This weekend my parents came down for a pre-father’s day visit since my little family will be on vacation over the actual holiday. My younger brother and his daughter came up as well to stay with us. We had a great time, while I was warming the grill my dad walked into our dinning room with a few wrapped packages. First of all I was not expecting any sort of present, especially from my father to his son on a holiday saved for sons to honor their father’s. I believe tradition would dictate that I am supposed to present my dad with a tie, or picture made out of glued macaroni.
I unwrapped the box, to reveal an oak box with a glass top. Inside was a red towel. Now if you know my dad, I honestly thought he was giving me this red towel. I figured it held some significance from my childhood, most likely from when he was going through cancer or something similar. Dad then proceeded to take the towel out and explain that it was there to protect the contents in the box during transport. If I am being honest as I write this, I’m making this part of the gift giving process more eloquent than it was. Dad made fun of me for thinking my gift was a towel, but I digress.
Removing the towel, I found myself gazing upon my great, great, great grandfather’s civil war canteen and an old book. I knew exactly what the canteen was. It had been on display in my Grandpa Miller’s house for years (it was his great grandfather’s), and then he gave it to my dad, where it was displayed it in his house for some time. Having it passed down to me, was breath taking. I am in possession of a 152 year old family heirloom – what a responsibility!
Next to the canteen was a book. I was a bit puzzled not knowing the significance of the book. It was the book my great(x3) grandpa Lords’ carried with him through the war in his pack. WOW! I knew our family had this book, but I had never seen it. Like the canteen, it had been passed to my dad who recently had the binding of the book restored. As I gently leafed though the book, I open the back cover where it has his name and inscription that it was carried in the civil war. Grandpa Lords survived the war and thought enough to mark that in there for his future descendants. This book is an amazing keepsake, published in what looks to be 1863, I would love to know where he bought it.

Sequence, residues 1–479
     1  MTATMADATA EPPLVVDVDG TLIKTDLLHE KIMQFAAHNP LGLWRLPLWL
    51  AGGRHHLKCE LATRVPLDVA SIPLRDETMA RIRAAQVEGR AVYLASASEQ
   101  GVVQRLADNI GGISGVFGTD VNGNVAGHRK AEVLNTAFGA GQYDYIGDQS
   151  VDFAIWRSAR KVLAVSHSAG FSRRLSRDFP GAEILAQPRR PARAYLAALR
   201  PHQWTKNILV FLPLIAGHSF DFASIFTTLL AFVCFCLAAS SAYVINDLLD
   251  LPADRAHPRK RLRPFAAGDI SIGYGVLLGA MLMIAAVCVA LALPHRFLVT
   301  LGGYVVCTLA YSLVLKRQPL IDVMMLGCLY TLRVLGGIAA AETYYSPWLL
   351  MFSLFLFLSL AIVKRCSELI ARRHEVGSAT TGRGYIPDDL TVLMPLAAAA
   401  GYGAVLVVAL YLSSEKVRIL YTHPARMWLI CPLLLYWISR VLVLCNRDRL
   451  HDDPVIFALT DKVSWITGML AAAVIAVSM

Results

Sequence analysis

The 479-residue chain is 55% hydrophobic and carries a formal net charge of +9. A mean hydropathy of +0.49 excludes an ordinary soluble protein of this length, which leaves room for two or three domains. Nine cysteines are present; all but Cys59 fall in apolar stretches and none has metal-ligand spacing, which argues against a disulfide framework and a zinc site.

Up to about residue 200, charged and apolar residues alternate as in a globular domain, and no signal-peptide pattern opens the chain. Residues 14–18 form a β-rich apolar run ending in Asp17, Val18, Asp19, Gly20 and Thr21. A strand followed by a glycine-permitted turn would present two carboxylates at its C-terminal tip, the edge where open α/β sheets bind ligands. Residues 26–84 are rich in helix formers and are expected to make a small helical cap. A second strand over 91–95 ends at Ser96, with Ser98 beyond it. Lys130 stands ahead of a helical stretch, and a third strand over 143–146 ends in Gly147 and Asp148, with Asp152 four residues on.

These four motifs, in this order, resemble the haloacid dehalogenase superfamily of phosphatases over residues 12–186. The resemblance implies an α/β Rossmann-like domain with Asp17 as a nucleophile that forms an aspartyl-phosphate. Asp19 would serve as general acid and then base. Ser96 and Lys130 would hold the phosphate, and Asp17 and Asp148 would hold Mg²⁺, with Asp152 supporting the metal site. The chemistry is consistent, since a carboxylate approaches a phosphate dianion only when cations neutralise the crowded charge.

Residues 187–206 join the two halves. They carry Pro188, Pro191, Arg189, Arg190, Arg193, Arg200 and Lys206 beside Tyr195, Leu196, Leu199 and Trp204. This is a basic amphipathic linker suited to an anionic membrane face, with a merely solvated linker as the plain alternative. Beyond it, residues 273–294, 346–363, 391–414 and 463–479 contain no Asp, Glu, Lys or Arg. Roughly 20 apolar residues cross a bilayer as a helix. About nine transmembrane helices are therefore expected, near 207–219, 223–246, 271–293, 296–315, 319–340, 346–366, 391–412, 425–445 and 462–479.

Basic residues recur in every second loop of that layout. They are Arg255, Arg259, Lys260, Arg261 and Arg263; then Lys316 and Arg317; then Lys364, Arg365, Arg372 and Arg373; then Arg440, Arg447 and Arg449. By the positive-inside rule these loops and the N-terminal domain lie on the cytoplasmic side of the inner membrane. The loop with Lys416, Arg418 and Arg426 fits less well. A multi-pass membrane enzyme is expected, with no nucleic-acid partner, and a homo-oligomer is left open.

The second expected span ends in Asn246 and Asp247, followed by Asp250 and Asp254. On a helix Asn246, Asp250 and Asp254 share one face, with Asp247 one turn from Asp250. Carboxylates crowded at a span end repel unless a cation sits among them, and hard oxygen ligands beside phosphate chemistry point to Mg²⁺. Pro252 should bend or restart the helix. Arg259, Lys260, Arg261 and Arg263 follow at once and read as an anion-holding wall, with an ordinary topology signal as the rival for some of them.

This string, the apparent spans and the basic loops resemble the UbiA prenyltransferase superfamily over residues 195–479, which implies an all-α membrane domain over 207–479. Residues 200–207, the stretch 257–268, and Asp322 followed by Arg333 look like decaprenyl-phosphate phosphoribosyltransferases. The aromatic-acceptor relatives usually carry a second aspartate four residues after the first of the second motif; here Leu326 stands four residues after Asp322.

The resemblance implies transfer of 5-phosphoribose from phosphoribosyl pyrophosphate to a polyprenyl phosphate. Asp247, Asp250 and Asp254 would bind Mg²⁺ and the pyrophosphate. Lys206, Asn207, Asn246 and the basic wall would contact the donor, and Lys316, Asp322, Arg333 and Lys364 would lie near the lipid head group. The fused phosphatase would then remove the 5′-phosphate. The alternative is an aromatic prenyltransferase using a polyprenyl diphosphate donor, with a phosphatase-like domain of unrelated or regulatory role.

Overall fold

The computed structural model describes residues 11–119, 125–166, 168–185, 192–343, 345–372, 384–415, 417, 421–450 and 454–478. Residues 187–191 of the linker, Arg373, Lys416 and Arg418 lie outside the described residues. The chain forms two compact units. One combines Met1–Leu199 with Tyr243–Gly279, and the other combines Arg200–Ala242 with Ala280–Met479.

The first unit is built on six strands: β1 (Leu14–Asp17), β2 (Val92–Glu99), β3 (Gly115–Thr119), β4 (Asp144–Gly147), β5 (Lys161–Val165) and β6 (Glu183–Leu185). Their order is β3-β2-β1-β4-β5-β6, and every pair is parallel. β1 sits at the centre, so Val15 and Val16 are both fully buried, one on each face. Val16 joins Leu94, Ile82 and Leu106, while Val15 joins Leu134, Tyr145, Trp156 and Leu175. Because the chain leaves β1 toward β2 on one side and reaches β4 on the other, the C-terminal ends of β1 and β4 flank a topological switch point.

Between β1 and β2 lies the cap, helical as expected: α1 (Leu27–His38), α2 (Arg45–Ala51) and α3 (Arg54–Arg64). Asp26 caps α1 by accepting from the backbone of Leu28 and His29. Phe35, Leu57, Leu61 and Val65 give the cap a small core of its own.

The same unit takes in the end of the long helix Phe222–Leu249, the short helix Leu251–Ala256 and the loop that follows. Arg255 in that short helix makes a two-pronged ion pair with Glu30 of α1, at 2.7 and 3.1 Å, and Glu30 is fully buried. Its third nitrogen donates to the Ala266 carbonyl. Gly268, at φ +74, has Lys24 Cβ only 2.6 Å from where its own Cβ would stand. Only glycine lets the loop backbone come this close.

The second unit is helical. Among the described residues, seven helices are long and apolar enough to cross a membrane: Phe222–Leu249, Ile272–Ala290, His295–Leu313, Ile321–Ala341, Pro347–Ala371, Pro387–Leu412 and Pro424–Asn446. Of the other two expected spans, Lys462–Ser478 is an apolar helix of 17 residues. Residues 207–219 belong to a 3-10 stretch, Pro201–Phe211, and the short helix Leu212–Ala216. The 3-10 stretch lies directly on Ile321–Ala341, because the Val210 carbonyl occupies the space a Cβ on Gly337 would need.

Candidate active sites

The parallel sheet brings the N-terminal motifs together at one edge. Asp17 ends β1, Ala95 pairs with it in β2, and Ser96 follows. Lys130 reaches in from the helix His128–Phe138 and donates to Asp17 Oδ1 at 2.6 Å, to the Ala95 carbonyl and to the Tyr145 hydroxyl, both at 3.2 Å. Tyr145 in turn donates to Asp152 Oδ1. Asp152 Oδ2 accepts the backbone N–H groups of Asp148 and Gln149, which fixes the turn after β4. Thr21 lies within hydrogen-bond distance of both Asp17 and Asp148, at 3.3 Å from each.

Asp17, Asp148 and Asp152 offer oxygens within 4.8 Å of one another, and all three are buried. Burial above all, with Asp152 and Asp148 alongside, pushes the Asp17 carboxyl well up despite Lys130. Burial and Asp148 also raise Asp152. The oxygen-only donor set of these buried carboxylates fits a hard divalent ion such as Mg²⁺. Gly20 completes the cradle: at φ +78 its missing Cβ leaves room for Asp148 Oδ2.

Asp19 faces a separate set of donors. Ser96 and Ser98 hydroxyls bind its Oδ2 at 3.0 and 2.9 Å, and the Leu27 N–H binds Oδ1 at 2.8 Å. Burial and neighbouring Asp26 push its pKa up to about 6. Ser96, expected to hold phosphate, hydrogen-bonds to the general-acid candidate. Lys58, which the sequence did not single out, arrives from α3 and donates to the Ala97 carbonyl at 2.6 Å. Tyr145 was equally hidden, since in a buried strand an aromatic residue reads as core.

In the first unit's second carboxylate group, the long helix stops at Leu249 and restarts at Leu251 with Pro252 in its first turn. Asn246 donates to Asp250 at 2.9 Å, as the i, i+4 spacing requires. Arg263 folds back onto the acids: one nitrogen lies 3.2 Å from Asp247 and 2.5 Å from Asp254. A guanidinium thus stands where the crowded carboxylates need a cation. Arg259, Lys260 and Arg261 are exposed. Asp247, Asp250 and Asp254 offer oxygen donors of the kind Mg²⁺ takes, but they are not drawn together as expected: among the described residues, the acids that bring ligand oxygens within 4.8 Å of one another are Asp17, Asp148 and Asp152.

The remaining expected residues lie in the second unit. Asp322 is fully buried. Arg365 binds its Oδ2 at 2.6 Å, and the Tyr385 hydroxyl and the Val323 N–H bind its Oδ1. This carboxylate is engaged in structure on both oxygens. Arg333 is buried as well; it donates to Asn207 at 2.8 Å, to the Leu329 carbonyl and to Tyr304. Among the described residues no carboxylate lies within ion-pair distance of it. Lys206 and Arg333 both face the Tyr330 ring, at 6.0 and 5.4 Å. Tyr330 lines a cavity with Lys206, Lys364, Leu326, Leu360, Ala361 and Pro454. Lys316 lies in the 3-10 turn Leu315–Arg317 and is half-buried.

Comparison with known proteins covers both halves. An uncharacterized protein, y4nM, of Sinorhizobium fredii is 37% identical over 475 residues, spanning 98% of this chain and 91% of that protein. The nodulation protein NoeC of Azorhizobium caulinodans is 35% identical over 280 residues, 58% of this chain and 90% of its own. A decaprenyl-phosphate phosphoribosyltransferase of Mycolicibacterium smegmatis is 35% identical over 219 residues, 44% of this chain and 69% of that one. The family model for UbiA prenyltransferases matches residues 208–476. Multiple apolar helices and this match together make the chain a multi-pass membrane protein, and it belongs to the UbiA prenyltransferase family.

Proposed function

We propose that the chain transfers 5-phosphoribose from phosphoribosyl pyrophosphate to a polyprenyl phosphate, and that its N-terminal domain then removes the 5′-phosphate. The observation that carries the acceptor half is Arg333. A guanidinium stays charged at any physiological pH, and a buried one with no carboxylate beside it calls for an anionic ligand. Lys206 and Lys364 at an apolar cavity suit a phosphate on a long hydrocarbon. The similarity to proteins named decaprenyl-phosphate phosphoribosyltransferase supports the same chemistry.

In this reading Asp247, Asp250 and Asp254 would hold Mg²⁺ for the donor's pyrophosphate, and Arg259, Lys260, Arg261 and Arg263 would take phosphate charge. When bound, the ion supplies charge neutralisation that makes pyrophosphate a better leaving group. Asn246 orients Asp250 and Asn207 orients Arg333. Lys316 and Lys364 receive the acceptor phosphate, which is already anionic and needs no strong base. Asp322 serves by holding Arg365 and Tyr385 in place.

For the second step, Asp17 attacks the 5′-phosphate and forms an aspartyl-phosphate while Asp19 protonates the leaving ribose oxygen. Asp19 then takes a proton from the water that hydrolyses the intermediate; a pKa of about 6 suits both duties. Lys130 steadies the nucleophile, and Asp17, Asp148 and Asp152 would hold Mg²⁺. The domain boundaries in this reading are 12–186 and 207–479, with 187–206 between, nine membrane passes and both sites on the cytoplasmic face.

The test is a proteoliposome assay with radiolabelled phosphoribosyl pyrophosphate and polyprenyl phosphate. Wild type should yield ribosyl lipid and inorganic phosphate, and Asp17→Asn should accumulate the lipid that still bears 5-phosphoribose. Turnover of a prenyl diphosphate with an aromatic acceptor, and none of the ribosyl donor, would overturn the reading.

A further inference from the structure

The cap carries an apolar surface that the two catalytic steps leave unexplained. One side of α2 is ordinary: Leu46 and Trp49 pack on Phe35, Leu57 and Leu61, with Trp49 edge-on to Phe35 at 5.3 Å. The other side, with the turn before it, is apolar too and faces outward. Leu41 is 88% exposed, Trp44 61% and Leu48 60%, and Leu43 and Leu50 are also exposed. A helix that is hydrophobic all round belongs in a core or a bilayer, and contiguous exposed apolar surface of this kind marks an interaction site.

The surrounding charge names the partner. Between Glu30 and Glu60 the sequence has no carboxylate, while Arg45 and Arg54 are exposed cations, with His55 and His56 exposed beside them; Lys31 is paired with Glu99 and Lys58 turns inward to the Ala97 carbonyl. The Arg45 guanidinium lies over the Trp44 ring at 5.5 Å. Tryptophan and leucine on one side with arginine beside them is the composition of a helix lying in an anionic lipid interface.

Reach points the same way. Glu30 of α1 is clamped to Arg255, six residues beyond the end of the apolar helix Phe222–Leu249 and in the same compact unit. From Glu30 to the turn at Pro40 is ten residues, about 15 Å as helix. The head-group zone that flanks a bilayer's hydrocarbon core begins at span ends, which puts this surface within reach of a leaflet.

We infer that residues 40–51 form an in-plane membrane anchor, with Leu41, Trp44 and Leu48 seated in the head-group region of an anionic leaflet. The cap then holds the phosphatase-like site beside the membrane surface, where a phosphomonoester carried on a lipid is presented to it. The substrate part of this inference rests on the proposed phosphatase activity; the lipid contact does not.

Finally my reached in his pocket, and in an air tight bag was the last piece to go into the box. It was Grandpa’s wallet. Now I doubt he had this during the civil war, this wallet was taken from him upon his death in 1875. He was killed in a horrible logging accident in Michigan, and this was all they presented to his wife. As gruesome as that is, it’s an honor to have such a piece. Dad told me that he was talking with his dad, Grandpa Miller about this gift he was giving me. Grandpa told him it wasn’t complete, and headed back to his bedroom. He returned with the wallet and said he wanted me to have it.
By this point, tears are welling up in my eyes as I look at this gift that no amount of money could replace. How many people have 1 thing from a distant relative, let alone 3 very personal items. I would like to believe that the canteen and book were with Grandpa Lords’ at the battle of Chickamauga where he fought heroically in one of the last defensive units on the battlefield as he guarded his comrades retreat from the field.
I will cherish and hold these family possessions dearly and look forward to handing them to my son when he is of an age to appreciate these.
I realize this post takes a turn from what I normally write about, but I think without much of a stretch it applies to that which I strive for on this site and that is authenticity in leadership. My Grandfather was a good man, he signed up and fought bravely in some of the worst fighting this nation has seen. He returned home and took care of a family and raised 3 daughters. In my quest to become a better leader, I can look at these gifts I received, that have passed down through generations to my Grandpa Miller then to my Dad, both of whom I look up to. I can see this gift as a monumental reminder of the man I want to become, and the man I want my children to see me as. That’s pretty powerful unexpected gift.